The purpose of the shock absorber is to stop the oscillation of the vehicle springs. Without them your car would continuously bounce on bumps and your ride would be extremely uncomfortable. Handling and braking would be severely compromised.
When shocks and struts wear you will experience a bouncy ride and along with this comes reduced stopping distance. This is perhaps the most important reason to replace worn out shocks and struts. Studies have found that worn shocks reduce stopping distance by 12 feet from a 100km/hr panic stop. That could make the difference between hitting the car in front of you or not. Cupped tire tread wear is another result of worn out shocks and struts and often this wear occurs when you cannot feel the usual bouncy ride associated with bad shocks. Many a set of good tires has been ruined adding expense to one’s auto service budget. Another casualty of worn shocks and struts are prematurely wearing front brakes. This occurs from too much vehicle weight transfer to the front wheels when braking.
Many shock manufacturers recommend replacement at 80,000 kilometers. In my opinion this is excessive as they often last substantially longer on many vehicles. The best way to determine shock and strut condition is to assess vehicle ride on a regular basis along with a visual inspection of the suspension and tires.
While replacing shocks and struts can be an expensive service, the excellent ride, enhanced vehicle control and improved stopping distance make it more than great value for your money.
The Ford 6 liter diesel engine is fraught with numerous problems however all of these can be overcome. In this video we will show you what we feel is the ultimate repair solution for the 6 Liter: repairs that will keep the engine performing reliably for years and years.
Many of the 6 liters problems stem from the design of the engine and oil cooling systems. This engine uses a unique system in which the engine oil cooler is mounted inside the V of the engine. Here coolant flows through narrow passageways which eventually plug up causing coolant flow restrictions and excessive oil temperatures. From here coolant flows to the EGR cooler which, due to its narrow passageways also tends to clog. Excessive coolant temperatures eventually lead to head gasket failures and even a destroyed engine if left long enough.
For the truck shown in this video, the owner wisely chose to do the ultimate repair job; a repair which eliminates all the weaknesses of the 6 liter engine. This includes cylinder head studs to prevent future head gasket failures, a Bulletproof EGR cooler plus the bulletproof remote engine oil cooler system. A number of minor but nonetheless important upgrades were done during the procedure including new oil stand pipes and STC fitting on the high pressure oil pump.
Let’s get started:
First step is to remove the bumpers and accessories from the front of the truck then disconnect all items necessary to remove the cab from the vehicle. This includes evacuating the A/C system, draining the coolant, disconnecting the steering column, brake lines, coolant and heater hoses, wiring and much more.
Once the cab is raised the engine is readily accessible and a pleasure to work on.
Stripping the engine down is our next step and the next few photos reveal just that, with the heads, oil cooler assembly and high-pressure oil pump removed.
The many dismantled parts can be seen in this enormous layout.
Next steps include cleaning components such as the block deck and cylinder head surfaces along with the oil pump cover and all of the many bolts and miscellaneous parts.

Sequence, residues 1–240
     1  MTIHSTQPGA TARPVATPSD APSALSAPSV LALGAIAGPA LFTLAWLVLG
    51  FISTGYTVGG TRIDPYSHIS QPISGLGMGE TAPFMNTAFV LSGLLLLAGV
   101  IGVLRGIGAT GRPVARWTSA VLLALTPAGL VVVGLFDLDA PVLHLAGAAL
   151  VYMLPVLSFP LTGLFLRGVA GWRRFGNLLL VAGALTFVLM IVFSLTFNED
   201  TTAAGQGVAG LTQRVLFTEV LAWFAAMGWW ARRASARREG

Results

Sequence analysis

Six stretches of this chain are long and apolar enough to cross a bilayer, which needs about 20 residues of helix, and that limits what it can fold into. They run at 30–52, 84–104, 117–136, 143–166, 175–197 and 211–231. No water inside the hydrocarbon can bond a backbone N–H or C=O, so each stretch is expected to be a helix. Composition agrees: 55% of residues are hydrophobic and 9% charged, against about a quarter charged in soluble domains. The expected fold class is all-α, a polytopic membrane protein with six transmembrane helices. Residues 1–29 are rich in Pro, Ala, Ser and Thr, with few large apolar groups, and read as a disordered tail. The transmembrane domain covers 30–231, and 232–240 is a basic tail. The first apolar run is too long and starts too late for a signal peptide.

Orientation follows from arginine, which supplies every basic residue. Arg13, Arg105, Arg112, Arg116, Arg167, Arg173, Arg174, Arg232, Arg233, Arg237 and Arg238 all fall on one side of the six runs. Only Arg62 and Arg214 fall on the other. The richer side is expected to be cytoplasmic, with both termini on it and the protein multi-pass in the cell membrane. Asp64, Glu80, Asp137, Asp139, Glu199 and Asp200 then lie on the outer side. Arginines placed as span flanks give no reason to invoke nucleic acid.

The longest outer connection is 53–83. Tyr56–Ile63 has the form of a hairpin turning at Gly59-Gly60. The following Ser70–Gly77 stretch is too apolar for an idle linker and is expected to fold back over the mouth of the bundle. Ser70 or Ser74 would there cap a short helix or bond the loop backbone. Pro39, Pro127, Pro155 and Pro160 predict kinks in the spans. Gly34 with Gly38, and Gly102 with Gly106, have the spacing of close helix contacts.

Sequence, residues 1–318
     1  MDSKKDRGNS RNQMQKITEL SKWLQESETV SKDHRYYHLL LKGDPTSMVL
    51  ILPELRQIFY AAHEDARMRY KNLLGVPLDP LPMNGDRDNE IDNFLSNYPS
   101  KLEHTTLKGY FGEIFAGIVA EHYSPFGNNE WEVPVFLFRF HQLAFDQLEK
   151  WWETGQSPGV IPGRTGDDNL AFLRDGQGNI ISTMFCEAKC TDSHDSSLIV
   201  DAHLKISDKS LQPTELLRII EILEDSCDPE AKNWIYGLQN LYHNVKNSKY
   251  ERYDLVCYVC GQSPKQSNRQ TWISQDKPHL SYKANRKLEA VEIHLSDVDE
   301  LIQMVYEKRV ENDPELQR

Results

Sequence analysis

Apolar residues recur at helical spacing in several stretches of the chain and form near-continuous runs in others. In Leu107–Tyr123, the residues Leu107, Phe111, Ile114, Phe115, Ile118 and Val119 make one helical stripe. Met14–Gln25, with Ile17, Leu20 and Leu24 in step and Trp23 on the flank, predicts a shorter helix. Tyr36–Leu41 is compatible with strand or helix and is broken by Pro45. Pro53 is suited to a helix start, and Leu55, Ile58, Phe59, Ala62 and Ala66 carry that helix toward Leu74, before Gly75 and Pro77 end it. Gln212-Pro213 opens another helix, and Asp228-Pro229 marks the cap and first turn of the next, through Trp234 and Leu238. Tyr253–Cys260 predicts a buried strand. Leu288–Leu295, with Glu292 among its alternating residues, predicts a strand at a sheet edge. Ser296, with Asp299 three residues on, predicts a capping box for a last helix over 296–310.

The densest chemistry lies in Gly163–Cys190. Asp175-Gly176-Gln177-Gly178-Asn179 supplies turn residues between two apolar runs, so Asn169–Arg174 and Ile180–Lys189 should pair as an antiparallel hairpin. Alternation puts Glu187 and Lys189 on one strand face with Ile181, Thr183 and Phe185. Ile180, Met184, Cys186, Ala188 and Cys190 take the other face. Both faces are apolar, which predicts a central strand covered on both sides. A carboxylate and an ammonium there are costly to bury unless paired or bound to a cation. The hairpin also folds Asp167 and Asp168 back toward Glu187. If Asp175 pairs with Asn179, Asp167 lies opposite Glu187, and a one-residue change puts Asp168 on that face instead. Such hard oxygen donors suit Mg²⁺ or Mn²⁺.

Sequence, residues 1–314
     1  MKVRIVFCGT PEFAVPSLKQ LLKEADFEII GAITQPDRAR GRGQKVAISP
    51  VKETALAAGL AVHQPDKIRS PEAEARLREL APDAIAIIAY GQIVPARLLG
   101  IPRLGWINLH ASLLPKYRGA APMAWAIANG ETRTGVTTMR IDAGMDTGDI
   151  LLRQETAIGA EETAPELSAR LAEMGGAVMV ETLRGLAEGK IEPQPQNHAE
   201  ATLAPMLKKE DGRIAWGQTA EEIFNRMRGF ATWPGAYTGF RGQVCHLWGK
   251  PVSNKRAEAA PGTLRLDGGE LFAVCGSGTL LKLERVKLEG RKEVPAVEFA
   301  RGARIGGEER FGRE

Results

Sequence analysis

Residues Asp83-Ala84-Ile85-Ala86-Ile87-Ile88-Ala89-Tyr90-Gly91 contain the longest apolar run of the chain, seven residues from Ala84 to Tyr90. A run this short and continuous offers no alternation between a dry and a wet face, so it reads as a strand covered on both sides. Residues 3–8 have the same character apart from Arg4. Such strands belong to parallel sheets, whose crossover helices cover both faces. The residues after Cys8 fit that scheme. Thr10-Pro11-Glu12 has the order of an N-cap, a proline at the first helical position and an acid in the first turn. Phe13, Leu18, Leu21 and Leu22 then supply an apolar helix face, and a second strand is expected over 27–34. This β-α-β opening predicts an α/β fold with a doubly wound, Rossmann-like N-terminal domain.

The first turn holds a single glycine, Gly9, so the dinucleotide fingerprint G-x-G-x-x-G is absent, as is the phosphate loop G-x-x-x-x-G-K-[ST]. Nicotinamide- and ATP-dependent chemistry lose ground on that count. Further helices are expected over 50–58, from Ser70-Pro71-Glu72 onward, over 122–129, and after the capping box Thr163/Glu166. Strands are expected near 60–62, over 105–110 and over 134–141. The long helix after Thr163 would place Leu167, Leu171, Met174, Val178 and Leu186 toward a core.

We are now ready to put things back together:
The high-pressure oil pump is reinstalled along with a new and improved STC fitting. On occasion the old STC fitting would break and when this occurred would crack the back of the engine block.
Following pump installation, the cover is installed and tightened down.
We next move onto installation of the Bulletproof remote oil cooler adapter: this is a complete assembly that bolts in place of the engine oil cooler and cover.
Cylinder head studs are installed, then head gaskets, then cylinder heads. Heads are torqued to spec. During head installation, fuel injectors are reinstalled with new seals, along with rocker arms and bridges.
Covering the valve gear sits the high-pressure oil manifold and installed along with this are the upgraded high-pressure oil standpipes. The original designed pipes and seals would fail resulting in a loss of oil pressure and an engine no start.
To ensure an easy start up the oil system is primed until oil flows from the manifold test port.
We’re now onto installing valve covers and the turbo stand
Next is the Intake manifold along with a Bulletproof EGR cooler, this component has been rebuilt to eliminate the causes of failure in the original cooler. Check out the differences between the Bulletproof’s large tubes and the original’s thin tubes: the durability looks very evident.
Some next installations include the oil and fuel filter adapters and plumbing. Because we are using the Bulletproof oil cooler system the original oil filter is no longer used.
Next comes the turbocharger, the FICM or fuel injection control module and the remaining wiring, hoses and sensors.
Here’s how it all looks from front and back, fully assembled and awaiting the cab to be remounted.
With the cab back down we can now work on installing the rest of the Bulletproof oil cooler system which includes first relocating the power steering cooler near the bottom of the radiator. We next install the cooler, pipes and hoses.
The remote oil filter is mounted behind the left front bumper bracket.
Final assembly requires reinstalling and reconnecting all other under hood components, then filling the cooling system, recharging the A/C and we are ready for start up.
After a successful start up, warm up and inspection for leaks our 6 liter Ford truck is ready to go for many miles of trouble free operation having had all major original design flaws corrected.